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Playing live with TD10\v-drum pro

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  • Playing live with TD10\v-drum pro

    I havent played live yet with the TD10/v-drums yet, and would like to know if anyone has any tips/tricks, or problems regarding playing live. Up till know I've playing standard Pearl 5 piece kits, usually without mic's. What can I expect? What was the respone from other band members or the club/pub crowd. I know this is a bit of a stupid general question, but would be gratefull for any input.

  • #2
    You must remember that usually acoustic drums are loud. The art is of course to be sensitive and not play to their full potential volume.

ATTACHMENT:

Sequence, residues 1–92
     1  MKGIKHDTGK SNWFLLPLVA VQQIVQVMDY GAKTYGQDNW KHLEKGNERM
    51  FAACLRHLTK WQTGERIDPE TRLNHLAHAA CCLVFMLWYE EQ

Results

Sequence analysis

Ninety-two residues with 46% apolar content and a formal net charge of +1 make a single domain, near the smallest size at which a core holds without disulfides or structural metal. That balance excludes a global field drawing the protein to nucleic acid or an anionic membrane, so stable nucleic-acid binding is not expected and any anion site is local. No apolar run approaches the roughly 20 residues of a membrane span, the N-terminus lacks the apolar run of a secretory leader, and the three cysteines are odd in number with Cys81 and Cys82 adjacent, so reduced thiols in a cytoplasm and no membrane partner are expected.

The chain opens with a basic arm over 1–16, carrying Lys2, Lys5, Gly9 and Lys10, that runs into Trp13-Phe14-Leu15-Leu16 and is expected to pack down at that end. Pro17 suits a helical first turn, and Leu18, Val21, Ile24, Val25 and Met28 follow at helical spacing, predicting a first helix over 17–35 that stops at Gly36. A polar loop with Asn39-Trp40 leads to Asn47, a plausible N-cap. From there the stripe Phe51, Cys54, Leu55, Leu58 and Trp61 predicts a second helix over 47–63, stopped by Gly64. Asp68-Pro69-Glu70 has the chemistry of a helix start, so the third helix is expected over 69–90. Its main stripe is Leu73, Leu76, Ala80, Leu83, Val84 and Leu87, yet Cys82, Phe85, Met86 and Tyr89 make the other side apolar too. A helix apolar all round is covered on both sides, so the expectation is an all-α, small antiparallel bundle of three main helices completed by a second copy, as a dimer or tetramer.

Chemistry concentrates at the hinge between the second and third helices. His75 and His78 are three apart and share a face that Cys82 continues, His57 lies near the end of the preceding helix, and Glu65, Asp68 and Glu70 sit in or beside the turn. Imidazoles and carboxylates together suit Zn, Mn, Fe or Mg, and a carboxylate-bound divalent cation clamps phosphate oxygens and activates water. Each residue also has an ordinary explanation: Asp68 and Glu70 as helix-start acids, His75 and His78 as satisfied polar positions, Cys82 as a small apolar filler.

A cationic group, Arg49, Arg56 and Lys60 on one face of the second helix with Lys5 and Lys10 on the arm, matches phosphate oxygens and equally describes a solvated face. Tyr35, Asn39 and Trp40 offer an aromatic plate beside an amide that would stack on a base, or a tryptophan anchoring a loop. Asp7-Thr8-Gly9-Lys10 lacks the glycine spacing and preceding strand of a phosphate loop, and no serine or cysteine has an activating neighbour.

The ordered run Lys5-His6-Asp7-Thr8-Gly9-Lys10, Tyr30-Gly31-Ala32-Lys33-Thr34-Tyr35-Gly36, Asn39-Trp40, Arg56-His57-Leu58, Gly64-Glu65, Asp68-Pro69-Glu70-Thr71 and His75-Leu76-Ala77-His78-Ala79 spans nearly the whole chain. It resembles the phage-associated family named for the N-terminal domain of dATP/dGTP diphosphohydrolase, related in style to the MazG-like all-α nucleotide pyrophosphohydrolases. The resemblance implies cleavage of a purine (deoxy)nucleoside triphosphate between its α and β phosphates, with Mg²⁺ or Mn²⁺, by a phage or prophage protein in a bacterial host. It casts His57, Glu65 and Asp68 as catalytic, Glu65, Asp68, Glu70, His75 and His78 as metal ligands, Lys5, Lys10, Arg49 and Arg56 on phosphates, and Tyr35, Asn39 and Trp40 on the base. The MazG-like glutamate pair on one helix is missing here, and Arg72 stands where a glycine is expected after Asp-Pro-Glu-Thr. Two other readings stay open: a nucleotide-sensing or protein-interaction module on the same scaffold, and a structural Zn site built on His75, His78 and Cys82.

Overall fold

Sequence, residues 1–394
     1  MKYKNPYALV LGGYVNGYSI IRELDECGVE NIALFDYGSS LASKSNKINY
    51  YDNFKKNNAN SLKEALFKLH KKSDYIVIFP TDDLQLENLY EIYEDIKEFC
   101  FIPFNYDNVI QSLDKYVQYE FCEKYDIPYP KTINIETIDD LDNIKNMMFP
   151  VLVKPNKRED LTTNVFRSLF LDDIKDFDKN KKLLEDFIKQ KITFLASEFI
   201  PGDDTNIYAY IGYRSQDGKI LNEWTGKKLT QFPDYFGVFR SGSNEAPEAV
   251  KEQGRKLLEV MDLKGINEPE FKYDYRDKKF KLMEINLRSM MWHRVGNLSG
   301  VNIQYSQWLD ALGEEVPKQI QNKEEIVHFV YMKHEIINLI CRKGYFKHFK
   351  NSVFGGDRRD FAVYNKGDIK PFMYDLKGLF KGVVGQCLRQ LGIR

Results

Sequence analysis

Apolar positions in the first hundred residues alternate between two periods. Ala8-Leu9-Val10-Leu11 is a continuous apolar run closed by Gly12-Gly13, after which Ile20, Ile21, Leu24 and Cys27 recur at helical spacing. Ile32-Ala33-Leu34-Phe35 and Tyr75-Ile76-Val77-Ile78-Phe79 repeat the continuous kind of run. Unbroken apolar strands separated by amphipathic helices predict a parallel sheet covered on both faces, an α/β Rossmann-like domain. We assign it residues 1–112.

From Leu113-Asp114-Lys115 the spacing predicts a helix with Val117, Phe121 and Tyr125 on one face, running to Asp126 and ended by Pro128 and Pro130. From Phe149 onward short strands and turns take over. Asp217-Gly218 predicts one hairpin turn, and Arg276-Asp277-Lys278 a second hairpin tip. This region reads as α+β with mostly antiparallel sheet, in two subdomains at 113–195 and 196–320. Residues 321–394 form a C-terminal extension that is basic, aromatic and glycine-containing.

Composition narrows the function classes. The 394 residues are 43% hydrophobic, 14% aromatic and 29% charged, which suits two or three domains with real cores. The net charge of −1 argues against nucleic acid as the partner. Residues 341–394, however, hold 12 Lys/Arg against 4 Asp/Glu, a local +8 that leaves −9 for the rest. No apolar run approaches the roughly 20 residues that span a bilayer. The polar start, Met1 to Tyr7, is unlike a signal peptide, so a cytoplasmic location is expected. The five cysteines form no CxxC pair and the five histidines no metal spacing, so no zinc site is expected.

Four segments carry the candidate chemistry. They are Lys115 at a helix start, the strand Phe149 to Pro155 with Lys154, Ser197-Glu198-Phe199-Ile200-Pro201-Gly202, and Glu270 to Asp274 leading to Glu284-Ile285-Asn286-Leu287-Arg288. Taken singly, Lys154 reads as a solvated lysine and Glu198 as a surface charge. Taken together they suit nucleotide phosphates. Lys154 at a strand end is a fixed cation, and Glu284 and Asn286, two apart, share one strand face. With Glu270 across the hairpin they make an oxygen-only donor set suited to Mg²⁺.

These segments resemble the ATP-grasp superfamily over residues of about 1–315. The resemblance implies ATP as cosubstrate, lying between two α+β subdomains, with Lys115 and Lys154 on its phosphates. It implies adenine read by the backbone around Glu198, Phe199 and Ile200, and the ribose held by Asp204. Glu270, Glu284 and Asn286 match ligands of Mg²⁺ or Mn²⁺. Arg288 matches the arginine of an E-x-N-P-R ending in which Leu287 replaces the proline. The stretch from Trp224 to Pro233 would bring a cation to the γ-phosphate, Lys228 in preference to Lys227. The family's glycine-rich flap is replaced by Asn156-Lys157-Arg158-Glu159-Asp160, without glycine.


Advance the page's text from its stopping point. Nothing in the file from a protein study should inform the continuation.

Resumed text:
So, for the V's you need to set the volume pretty high. By doing this you are not losing your 'acoustic' ability to be sensitive and play softly.

    I was told to raise the volume of my V's when first playing live as I had a false sense of the volume. Speakers by my side sound great... but for the rest of the hall? A little muffled and quiet.

    Added a bit of external EQ and put the volume up.

    One last thing, try not to rely on the volume knob to make yourself quieter - use your ability.

    Just a thought!

    Happy V-ing!

    Sincerely,

    Joe Wakeford - www.halfpennystudios.com

    [This message has been edited by Joe Wakeford (edited January 22, 2001).]

    Comment